(Editor’s Note: Due to the tight deadlines required for publication, Mr. Moltz’s column on the Macworld Expo Keynote was due several days before the event actually took place. Not one to turn down a paycheck, Mr. Moltz agreed to take the assignment anyway, insisting he was “up to the task”.)
Macworld Expo 2009 began under a pall of uncertainty.
Entering the Keynote, Mac fans had many questions. How well was Apple adapting to worsening economic conditions? What did Phil Schiller’s presence on stage indicate about Steve Jobs’ future at the company? Would Macworld Expo be able to survive without the company’s continued presence? If something happened to Macworld Expo, where would we all hang out together? Certainly not at Denny’s, not after the Moons Over My Hammy incident of 2007. And what was that smell? Was someone microwaving fish or something? Who does that right before a big keynote?
But all these questions would be answered, all our concerns allayed, and all parking stubs validated in the course of Schiller’s tour-de-force keynote. (Convention Keynotes Quarterly later raved, “Phil Schiller was riveting! This was the must-see Keynote of January 6th, 2009! If you were to have seen only one keynote on January 6th, 2009, this was the one to see! Too bad we couldn’t get to see these things beforehand, when this information would actually be useful! Are you still reading? Nobody ever reads this far into our keynote reviews! Don’t you have something better to do?”)
Schiller’s tone throughout was upbeat. That said, I did think it a little odd that he delivered the entire keynote from inside a cardboard iChat window carried around by two stage hands. An Apple spokesperson I spoke to later explained that, after years of playing Steve Jobs’ straight man in all those iChat demos, Schiller just felt more comfortable that way.
Of course, Schiller didn’t do the whole keynote by himself. As Jobs had for years, Phil let others do much of the heavy lifting. For example, the opening discussion of Apple’s recent financial results and current market position was performed by the Blue Man Group and left the audience bemused, enchanted, awed at the absurdity of the human condition and, ultimately, downright confused.
There followed a series of appearances by executives from both Apple and elsewhere. The no-holds-barred cage match between Apple Senior Vice President of iPhone Software Scott Forstall and Adobe Chairman John Warnock to determine the fate of Flash on the iPhone was particularly elucidating. But it was Apple VP of Software Engineering Bertrand Serlet’s preview of Snow Leopard—done entirely through interpretive dance—that really won over the crowd.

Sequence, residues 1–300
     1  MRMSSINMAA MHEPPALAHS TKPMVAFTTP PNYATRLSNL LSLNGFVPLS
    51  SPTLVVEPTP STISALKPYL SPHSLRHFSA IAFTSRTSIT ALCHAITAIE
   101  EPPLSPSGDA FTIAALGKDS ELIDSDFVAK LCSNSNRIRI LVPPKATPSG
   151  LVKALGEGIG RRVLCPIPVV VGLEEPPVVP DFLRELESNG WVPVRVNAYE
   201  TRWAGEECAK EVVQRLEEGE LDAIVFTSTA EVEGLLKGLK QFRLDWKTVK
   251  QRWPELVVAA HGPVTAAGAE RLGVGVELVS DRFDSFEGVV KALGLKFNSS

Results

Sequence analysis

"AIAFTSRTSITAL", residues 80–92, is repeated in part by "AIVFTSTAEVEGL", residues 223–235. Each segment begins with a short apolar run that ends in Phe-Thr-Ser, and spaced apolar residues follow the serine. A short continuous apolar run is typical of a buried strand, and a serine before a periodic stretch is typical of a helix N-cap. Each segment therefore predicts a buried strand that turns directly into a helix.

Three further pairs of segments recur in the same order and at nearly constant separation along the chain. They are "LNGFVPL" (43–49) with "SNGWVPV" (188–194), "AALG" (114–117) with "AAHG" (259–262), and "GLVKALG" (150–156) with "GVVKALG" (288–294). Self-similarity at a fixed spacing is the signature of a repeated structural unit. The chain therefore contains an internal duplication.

When Schiller retook the stage he looked determined to kill. After announcing that everyone in the audience would be receiving gold-plated iPods pre-loaded with the collected, remastered works of the Beatles, he introduced a completely revamped Mac mini, a new Apple TV, three new iterations of the iMac and MacBook, and new Mac Pros. He then unveiled an iPhone nano, a touch-based Mac tablet, a $500 netbook, and some kind of orb that bent the fabric of the space/time continuum allowing for time travel and teleportation.
Eventually Phil had to be wrestled from the stage by other Apple employees, as he had just announced every product in the company’s pipeline for the next five years, leaving the company’s future in tatters. He was interrupted several times by standing ovations, however.
Tim Cook then took over and did hand shadows for 15 minutes before showing the audience a YouTube video of a monkey smoking a cigarette and riding a unicycle. Finally, Cook introduced the musical performer who had the honor of bringing the last-ever Apple keynote to a close: a group of cowl-clad monks whose excellent funeral dirge had audience members chanting monotonously along as they filed out of the Moscone Center.
While Apple’s involvement with Macworld Expo has come to an end, that doesn’t mean ours has to be. It’s still a great place to learn, meet people and show off third-party products for the Mac and the iPhone. I know I’ll be there next year!
And not just because some of this year’s attendees owe me money. Although that is a big part of it.
John Moltz can’t wait to see what really happens at the keynote.
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John Moltz recently gave up the glamour of working in corporate IT to write online at his Very Nice Web Site. He does not respond to questions about whether he used to write what amounts to Apple fan fiction.